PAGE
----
If you’re a performance-oriented rider, a dual-compound tire might be best for your street bike. Michelin Pilot tires, for example, use dual-compound designs. They generally run a firmer rubber in the main contact patch of the tire, and softer material on the edges. The percentages vary from one tire to the next, but the softer edges add grip when leaned over, while the firm center reduces friction, lasts longer, and helps with fuel mileage.

If you get choices in tire compound otherwise – mono or dual-compound – know that softer rubber is great for traction but bad for fuel mileage. Go with a harder compound if you’re more about fuel efficiency and high-mileage tires.

Street-bike tread patterns may look like a mystery, but they can be quite simple to decipher. If you ride in the wet, look for tread grooves that will carry the water to the side and away from the tire. A deeper and wider channel means more capacity to move water, but can also increase tire noise and make for a less-smooth ride.

Off-road riders need to consider if they want tires with soft, intermediate or hard rubber compounds.

Read above first! The same rules apply for reading your tire, though the numbers will look quite different. Changing tire sizes may be more popular among off-road riders than street riders. There has been a lot of debate among MXers about running a 110 mm or a 120 mm rear tire. The 120’s wider contact patch can give better acceleration, assuming your bike has the power to spin a heavier tire. Some riders prefer the narrower 110 because they can roll it over more easily for quicker handling.

You can also choose from different Aspect Ratios. A “100” size tire (means height is 100-percent of the stated width) has a taller sidewall than a “90”, and it can provide a softer ride. But that same flex can diminish straight-line acceleration, or the tire’s ability to hold its shape through a corner. Trail riders can have similar discussions. Those types of considerations require trying different tires, or simply quizzing other riders on their tire tastes.

Off-road riders need to consider if they want tires with soft, intermediate or hard rubber compounds. Or you’ll see a blend of soft/intermediate, or intermediate/hard. Softer compounds give great traction, for a little while. A hard off-road tire might cause you to slip in certain conditions, but you’ll get more life out of it. Of course, if this hard-compound tire causes you to crash more because you really need a soft tire for sandy or loamy soil, then what’s the point?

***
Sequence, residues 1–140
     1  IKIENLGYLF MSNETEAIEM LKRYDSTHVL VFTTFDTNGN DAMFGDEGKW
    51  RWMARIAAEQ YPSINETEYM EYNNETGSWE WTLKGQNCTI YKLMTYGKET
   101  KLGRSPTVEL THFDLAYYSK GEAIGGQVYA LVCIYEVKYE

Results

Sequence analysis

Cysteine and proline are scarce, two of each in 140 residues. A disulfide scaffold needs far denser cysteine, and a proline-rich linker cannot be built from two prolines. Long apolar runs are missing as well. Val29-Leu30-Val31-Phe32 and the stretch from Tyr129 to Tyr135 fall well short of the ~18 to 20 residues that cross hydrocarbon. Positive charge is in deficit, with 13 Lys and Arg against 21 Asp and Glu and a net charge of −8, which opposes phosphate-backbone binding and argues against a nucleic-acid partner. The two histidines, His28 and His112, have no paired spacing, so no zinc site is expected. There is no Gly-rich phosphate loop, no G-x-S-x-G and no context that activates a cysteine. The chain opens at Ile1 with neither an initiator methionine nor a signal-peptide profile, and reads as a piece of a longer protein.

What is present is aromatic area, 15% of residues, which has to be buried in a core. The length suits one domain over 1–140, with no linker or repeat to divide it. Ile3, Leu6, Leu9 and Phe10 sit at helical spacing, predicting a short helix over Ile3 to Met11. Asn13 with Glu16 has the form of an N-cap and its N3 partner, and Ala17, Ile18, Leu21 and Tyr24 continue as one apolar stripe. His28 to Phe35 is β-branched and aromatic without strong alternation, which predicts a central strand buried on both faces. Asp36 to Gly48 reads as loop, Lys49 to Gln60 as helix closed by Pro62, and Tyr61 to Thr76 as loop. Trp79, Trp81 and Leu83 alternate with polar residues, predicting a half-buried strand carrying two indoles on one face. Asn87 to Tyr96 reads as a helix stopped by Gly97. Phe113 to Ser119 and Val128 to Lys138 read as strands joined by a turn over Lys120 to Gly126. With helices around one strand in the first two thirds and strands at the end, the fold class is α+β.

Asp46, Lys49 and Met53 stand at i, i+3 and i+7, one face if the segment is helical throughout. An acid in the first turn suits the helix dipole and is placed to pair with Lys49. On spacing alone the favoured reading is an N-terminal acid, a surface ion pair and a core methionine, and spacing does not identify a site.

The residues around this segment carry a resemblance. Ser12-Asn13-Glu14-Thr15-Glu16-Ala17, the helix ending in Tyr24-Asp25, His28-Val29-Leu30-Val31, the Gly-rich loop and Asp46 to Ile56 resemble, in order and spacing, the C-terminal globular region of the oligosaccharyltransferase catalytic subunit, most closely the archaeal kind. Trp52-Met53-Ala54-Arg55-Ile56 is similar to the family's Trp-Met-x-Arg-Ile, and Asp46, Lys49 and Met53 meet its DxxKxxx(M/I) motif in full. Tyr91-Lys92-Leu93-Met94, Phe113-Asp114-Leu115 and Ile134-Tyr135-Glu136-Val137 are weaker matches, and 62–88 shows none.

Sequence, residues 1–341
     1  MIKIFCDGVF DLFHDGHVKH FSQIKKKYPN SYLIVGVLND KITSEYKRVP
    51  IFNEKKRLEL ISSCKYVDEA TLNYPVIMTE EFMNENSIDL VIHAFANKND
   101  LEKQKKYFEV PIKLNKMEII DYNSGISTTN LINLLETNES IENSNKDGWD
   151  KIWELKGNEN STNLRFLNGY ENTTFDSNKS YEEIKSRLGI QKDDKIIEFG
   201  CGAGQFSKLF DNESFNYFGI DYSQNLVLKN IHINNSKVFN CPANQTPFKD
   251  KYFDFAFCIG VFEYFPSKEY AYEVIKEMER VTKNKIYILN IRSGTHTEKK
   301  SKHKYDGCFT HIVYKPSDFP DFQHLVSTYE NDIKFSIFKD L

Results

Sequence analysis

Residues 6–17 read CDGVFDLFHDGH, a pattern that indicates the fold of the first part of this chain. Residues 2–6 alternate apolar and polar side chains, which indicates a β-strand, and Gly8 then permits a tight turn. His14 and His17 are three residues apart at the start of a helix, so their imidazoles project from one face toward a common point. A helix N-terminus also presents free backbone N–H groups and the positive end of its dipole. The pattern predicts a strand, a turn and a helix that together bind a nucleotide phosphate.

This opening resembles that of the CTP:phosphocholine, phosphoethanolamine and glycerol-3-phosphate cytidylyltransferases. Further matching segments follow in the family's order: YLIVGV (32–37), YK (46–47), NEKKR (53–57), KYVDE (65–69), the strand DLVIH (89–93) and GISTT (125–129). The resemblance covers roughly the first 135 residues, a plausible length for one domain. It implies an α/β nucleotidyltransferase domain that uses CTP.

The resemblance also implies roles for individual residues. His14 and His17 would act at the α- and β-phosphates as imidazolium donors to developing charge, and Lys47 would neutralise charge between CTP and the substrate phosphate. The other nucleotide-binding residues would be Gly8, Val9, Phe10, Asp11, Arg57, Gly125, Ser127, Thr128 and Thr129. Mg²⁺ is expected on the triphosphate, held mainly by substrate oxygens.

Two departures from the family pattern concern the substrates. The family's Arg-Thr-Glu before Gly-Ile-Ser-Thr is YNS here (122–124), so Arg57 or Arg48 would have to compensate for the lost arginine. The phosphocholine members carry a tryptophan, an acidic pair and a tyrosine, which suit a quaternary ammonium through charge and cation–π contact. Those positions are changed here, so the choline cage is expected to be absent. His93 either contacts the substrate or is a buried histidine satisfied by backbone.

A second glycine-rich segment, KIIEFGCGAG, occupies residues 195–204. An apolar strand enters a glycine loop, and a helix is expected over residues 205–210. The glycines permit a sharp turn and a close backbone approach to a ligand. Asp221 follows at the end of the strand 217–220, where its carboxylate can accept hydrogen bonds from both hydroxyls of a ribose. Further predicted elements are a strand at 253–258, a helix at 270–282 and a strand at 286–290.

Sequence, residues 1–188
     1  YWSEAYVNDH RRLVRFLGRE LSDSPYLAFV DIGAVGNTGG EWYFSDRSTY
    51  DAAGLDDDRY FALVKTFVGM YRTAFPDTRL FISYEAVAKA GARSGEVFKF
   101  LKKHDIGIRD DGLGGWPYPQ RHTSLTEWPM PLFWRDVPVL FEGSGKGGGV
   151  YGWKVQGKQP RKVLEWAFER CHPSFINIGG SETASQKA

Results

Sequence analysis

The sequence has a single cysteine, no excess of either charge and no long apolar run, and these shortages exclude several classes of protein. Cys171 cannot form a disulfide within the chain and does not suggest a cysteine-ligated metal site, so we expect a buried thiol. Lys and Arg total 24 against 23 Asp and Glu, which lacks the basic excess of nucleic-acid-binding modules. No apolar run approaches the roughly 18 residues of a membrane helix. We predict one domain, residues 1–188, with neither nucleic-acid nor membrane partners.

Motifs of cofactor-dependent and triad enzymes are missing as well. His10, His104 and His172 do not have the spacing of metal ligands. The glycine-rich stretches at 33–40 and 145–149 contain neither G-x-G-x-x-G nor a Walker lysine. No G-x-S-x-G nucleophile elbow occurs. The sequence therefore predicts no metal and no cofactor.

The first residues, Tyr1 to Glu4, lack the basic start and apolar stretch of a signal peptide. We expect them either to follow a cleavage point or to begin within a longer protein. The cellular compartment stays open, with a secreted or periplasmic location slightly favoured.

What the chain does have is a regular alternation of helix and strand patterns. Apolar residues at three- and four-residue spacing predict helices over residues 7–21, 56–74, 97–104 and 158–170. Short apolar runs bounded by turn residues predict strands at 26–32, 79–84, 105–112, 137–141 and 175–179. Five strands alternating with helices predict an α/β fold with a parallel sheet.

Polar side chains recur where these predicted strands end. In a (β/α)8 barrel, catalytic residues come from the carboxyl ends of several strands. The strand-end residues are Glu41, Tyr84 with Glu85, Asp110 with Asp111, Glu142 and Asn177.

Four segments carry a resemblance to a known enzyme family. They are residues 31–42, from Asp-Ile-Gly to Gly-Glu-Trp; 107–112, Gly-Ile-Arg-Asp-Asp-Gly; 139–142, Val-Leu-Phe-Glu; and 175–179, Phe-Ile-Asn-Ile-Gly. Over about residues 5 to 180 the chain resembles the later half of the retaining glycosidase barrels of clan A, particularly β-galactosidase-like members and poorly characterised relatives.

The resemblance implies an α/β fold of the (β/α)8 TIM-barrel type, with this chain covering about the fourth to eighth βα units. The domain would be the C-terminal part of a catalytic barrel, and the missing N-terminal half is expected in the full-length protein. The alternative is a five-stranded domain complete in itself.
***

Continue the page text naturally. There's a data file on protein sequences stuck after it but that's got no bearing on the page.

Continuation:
Some intermediate tires use the same rubber compound as hard tires, and the difference is in the tread design. The “hard” tire might have shorter knobs packed more closely together.

Tread patterns are especially important in off-road tires. And look closely at the knob construction. Especially if they’re tall knobbies, do they appear well-connected and reinforced on the tire carcass? On soft-compound tires, knobs might break off prematurely.

Dual-sport riders need to look for DOT-rated tires, of course, meaning these tires have been tested and certified for road use. These are often marketed showing a percentage breakdown of road and off-road use, like 50/50, or 90% Off/10% Road.

Proper tire inflation is key to safe riding and to getting the most life from your motorcycle tires.Two More Things

First, proper tire inflation is key to safe riding and to getting the most life from your motorcycle tires. From street use to dirt and dual sport, tire-inflation ratings vary widely. Your owner’s manual will give recommended tire pressure settings. The “maximum pressure” rating on the tire sidewall is just that, a maximum; you should not run the pressure that high. Make sure you have an accurate tire-pressure gauge, and that it remains accurate. And – you’ve heard this before – don’t check air pressure when the tire is hot. Pressure increases with temperature, so wait until the tires cool to check their air pressure.

Second, you can still just buy tires on price alone if you like. But at least now you’re informed.